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researching a restaurant

post #1 of 5
Thread Starter 

I am researching to see if a restaurant would work in a certain area. I have no idea how I am supposed to forecast sales because local business will not give me any info. How do I figure out if my restaurant will work in this area and how do I create a business plan for my investors?

post #2 of 5

Well, you need to do a market survey and there are a multitude of ways t accomplish that.

 

First, a little "industrial espionage", totally legal, BTW.

  • List EVERY restaurant that might be competition in your area, probably by category, i.e. fast food, quick service takeout, casual, upscale, w/adult beverages, w/o adult beverages.
  • Gather menu(s) to discover what the current market prices are.
  • Observe and count covers at each restaurant as well as seats in each restaurant, that will provide you with total numbers of people that eat out as well as providing average turns (covers/seats) for each restaurant.
  • How long are the waiting lines?
  • You may want to categorize the covers as well, i.e. singles, couples, families, seniors, yuppies, etc.
  • If possible, you could also interview patrons, probably as they leave to learn how often they go out, how they select where to go, how much they spent, what would they like to see available, etc. Be prepared to be frustrated.
  • Find out where the owners,chefs, cooks, servers congregate after work and hang out there, maybe even buy a round or two, start networking, most welcome competition, if they don't, they  are not your competition crazy.gif
  • Crunch the numbers, that will provide you with the gross market numbers.

 

Now you have to make some assumptions.

  • How will you differentiate your menu offerings to attract customers?
  • Are you going to push low cost or high value?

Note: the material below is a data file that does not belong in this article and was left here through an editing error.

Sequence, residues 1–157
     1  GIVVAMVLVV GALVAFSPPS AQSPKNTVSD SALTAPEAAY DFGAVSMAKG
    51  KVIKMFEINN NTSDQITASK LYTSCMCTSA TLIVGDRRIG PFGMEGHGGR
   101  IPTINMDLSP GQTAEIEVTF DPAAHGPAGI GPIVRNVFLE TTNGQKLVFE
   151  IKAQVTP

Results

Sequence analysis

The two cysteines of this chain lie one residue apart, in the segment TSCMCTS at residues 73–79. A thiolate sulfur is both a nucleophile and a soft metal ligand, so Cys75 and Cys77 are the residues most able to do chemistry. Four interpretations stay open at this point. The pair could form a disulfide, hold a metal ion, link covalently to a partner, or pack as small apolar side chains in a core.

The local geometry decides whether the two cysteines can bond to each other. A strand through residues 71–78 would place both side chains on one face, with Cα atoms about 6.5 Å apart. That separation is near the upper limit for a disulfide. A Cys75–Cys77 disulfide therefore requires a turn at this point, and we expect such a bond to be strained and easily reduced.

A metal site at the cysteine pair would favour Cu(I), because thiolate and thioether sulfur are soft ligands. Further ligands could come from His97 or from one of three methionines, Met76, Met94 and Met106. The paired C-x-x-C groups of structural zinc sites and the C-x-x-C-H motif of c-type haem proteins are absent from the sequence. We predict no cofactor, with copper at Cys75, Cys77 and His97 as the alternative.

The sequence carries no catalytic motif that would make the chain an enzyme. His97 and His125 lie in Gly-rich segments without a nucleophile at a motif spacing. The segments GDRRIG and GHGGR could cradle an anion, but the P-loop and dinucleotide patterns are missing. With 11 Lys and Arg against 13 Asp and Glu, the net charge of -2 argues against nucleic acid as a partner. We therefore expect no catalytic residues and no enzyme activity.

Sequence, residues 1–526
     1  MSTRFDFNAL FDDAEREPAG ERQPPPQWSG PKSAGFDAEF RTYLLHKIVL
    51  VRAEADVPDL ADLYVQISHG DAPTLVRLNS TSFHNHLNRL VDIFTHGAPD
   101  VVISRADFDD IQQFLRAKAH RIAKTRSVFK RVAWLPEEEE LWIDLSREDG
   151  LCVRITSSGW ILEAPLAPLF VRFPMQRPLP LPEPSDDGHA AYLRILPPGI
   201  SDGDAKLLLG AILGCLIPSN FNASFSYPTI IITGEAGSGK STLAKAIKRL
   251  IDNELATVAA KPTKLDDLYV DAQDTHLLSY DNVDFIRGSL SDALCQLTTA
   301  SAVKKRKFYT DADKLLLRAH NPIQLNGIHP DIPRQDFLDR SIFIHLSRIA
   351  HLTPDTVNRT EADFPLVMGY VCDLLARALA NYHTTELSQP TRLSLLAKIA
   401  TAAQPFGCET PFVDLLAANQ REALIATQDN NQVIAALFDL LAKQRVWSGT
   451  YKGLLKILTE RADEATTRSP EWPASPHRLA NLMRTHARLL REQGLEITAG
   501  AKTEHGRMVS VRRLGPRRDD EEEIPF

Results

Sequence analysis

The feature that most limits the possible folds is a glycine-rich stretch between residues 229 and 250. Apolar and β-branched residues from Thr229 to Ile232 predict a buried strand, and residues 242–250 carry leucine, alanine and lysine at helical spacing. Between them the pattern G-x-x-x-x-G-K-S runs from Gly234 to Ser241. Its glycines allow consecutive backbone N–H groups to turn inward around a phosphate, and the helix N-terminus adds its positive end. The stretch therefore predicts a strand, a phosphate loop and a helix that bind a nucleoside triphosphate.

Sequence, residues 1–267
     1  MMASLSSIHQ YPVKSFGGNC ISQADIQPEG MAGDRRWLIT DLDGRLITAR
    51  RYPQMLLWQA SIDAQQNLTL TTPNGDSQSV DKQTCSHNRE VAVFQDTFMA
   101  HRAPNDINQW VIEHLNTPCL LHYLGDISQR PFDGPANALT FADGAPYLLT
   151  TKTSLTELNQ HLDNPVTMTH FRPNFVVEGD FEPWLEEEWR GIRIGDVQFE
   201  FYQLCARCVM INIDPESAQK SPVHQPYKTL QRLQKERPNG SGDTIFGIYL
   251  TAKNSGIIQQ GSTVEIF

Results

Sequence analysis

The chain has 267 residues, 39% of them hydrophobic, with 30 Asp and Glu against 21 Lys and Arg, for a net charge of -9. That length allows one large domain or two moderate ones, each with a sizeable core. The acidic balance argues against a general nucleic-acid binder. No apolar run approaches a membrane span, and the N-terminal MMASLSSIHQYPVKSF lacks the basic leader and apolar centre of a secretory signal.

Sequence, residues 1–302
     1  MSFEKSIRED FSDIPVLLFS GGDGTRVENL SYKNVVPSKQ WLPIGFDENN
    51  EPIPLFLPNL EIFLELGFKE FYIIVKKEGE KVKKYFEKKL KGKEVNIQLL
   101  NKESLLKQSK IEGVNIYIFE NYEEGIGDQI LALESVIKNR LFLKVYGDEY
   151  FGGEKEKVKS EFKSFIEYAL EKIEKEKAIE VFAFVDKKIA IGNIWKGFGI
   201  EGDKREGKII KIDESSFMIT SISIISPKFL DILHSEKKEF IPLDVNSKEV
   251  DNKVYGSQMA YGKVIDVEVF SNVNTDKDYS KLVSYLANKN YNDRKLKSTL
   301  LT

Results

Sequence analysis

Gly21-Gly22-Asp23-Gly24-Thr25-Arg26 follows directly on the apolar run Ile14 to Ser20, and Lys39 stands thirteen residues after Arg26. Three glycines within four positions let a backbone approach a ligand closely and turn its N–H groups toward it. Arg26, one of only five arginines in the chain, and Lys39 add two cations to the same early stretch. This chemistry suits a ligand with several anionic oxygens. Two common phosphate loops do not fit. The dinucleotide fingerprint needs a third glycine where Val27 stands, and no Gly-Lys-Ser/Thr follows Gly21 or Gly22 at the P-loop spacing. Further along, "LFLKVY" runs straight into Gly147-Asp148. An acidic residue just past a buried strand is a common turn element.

• Serve adult beverages?
  • Determine target cover price.
  • Guestimate (conservatively) how many customers you will attract, probably low at the beginning.
  • Are you going to advertise, social network, join the chamber?
  • Target the breakfast, lunch, dinner, or late crowd?
  • underestimate revenues and overestimate costs

 

Crunch the numbers, now you'll have a basis for payroll (you'll only need people to serve your market), a starting figure for your food & beverage costs, and a pretty good idea for your menu items.

 

Crunch again by reducing revenues by 10-20% and increasing costs by 10-20%. This will give you information for a SWOT analysis, Strengths, Weaknesses, Opportunities, Threats.

 

Recalculate everything again and again until YOU are convinced you have the right numbers.

 

Good luck.

Chef,
Specialties: MasterCook/RecipeFox; Culinary logistics; Personal Chef; Small restaurant owner; Caterer
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Chef,
Specialties: MasterCook/RecipeFox; Culinary logistics; Personal Chef; Small restaurant owner; Caterer
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post #3 of 5

Of course, you could always retain a marketing consultant wink.gif
 

Chef,
Specialties: MasterCook/RecipeFox; Culinary logistics; Personal Chef; Small restaurant owner; Caterer
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Chef,
Specialties: MasterCook/RecipeFox; Culinary logistics; Personal Chef; Small restaurant owner; Caterer
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post #4 of 5
Thread Starter 

wow thanks so much for the info. I feel like I am going to need to figure out how to estimate all those costs. Also, I am a very specialized restaurant so im not completely sure what my competition will be.

post #5 of 5
Quote:
Originally Posted by pizzamikey View Post

wow thanks so much for the info. I feel like I am going to need to figure out how to estimate all those costs. Also, I am a very specialized restaurant so im not completely sure what my competition will be.

Your competition is any food establishment that might attract a potential customer of yours!

 

Think: "Hey, let's grab a bite, where do you want to go?", every response is your competitor!

Chef,
Specialties: MasterCook/RecipeFox; Culinary logistics; Personal Chef; Small restaurant owner; Caterer
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Chef,
Specialties: MasterCook/RecipeFox; Culinary logistics; Personal Chef; Small restaurant owner; Caterer
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